In 1714 the British Board of Longitude announced a prize of £20,000 (in those days a fortune) for the invention of means of determining longitude to an accuracy of 30 miles.
It was already known that because the earth is round (more or less) and rotates at a reliable speed, it could theoretically be imagined as a circle and divided into 24 segments of longitude, each segment being 15 degrees of rotation (the total being 360 degrees). If mariners could maintain a reliable understanding of the time at the point of departure, by comparing this time with the local time at noon on any day when the sun was visible they could work out the time elapsed or advanced, and so calculate the number of degrees of longitude east or west from t…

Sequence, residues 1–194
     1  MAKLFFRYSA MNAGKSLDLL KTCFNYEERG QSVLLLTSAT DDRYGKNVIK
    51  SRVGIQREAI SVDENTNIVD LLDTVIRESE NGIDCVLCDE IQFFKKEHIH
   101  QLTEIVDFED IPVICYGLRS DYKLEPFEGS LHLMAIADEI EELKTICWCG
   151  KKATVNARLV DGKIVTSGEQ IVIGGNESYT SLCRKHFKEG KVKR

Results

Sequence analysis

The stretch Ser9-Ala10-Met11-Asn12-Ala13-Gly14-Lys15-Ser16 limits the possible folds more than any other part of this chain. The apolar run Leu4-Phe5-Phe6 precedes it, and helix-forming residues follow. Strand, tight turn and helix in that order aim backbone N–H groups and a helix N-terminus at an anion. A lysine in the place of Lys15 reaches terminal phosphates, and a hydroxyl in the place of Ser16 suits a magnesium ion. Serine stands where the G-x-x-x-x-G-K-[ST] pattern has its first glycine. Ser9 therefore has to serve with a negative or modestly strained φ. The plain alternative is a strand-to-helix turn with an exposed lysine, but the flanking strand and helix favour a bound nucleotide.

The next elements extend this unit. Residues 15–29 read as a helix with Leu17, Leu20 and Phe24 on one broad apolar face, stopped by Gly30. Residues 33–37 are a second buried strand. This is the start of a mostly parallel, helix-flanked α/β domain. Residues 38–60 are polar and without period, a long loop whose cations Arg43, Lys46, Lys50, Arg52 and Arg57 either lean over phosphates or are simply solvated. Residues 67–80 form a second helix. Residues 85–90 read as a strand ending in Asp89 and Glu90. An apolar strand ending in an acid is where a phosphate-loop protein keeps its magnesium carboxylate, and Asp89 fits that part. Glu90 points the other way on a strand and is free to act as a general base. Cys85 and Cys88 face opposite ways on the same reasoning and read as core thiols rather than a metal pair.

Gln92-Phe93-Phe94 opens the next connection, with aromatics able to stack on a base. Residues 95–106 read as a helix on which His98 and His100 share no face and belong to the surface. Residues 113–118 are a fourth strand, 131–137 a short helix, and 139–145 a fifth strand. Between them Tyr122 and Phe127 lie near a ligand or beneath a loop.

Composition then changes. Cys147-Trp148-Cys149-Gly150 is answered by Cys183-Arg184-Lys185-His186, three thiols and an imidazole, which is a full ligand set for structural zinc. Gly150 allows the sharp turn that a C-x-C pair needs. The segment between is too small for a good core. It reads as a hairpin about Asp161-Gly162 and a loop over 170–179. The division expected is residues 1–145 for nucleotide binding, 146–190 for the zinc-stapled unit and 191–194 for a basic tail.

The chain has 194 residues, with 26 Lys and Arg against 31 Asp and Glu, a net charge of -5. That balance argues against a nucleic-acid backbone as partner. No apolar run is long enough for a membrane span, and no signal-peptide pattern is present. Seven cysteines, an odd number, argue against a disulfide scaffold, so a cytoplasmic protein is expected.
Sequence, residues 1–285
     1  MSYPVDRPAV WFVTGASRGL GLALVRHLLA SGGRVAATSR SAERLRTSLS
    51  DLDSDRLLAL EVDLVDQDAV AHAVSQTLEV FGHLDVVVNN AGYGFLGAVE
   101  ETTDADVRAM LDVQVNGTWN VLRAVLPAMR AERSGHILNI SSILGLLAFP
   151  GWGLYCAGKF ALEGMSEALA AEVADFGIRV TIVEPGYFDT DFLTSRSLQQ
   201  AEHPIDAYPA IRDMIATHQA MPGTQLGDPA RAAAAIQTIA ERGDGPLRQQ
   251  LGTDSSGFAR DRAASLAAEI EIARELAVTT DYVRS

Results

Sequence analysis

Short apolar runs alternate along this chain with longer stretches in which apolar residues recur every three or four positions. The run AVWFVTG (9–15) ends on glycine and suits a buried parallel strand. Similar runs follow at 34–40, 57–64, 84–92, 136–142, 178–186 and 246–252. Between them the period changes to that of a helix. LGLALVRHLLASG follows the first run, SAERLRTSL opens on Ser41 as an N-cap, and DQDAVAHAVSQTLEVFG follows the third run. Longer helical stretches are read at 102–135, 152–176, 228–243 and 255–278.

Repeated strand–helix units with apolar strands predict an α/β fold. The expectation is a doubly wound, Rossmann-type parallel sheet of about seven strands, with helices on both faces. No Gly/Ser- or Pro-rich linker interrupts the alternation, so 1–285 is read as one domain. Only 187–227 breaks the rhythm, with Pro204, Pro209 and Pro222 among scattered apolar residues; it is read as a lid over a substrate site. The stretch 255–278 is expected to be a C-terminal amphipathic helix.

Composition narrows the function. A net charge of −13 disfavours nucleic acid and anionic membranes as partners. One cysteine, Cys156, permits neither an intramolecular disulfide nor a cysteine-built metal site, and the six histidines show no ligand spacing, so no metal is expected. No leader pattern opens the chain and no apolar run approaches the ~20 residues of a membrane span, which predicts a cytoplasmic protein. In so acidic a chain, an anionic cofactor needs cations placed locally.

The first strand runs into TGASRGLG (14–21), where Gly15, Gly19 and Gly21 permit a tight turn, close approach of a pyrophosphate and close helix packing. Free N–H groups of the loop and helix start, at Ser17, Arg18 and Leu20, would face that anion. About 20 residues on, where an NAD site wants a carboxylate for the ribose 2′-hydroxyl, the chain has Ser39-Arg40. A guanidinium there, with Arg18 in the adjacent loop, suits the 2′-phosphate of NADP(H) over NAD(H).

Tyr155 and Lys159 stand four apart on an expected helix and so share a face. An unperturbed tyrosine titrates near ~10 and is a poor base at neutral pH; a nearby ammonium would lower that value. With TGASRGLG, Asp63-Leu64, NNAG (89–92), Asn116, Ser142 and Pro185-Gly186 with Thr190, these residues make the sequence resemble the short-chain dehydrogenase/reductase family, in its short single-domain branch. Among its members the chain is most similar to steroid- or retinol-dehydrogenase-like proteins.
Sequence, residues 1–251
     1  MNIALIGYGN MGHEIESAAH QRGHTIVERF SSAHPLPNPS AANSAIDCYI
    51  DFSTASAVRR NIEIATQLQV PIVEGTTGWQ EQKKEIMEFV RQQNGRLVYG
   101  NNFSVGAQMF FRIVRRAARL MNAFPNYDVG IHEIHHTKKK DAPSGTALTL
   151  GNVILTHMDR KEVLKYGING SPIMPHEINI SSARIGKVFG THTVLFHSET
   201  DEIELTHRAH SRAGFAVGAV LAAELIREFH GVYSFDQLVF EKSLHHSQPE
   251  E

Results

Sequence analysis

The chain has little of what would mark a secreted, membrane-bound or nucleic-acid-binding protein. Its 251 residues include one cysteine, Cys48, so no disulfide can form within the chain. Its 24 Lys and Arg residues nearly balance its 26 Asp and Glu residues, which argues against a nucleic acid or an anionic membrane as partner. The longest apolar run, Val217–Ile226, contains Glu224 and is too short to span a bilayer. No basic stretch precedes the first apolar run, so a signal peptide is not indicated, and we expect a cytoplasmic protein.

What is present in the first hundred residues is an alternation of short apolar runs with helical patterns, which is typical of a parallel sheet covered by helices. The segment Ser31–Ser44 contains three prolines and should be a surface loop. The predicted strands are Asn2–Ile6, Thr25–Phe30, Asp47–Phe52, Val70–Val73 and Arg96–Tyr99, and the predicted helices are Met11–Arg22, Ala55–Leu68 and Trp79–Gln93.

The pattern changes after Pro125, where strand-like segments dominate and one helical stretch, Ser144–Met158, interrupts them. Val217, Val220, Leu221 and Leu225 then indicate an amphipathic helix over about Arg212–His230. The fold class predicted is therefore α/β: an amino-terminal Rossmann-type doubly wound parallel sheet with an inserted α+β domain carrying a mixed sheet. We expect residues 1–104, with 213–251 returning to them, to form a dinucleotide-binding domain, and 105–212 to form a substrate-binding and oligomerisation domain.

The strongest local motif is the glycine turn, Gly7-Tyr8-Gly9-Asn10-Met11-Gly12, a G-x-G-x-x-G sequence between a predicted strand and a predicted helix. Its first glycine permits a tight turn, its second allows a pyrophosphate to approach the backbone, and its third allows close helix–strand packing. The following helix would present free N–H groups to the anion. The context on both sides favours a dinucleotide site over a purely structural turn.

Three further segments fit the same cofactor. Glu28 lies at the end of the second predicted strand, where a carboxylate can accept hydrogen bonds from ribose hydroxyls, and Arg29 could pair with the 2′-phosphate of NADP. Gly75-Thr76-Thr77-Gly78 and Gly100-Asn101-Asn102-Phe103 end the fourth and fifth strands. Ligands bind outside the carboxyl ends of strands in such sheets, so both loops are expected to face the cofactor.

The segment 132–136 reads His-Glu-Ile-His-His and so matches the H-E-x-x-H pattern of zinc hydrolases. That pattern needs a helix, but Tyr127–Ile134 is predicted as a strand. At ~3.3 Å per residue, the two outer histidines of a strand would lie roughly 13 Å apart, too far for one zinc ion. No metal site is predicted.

Clark, Robert. "Invention of Harrison's sea-going chronometer". The Literary Encyclopedia. First published 06 January 2009
[http://www.litencyc.com/php/stopics.php?rec=true&UID=565, accessed 26 October 2016.]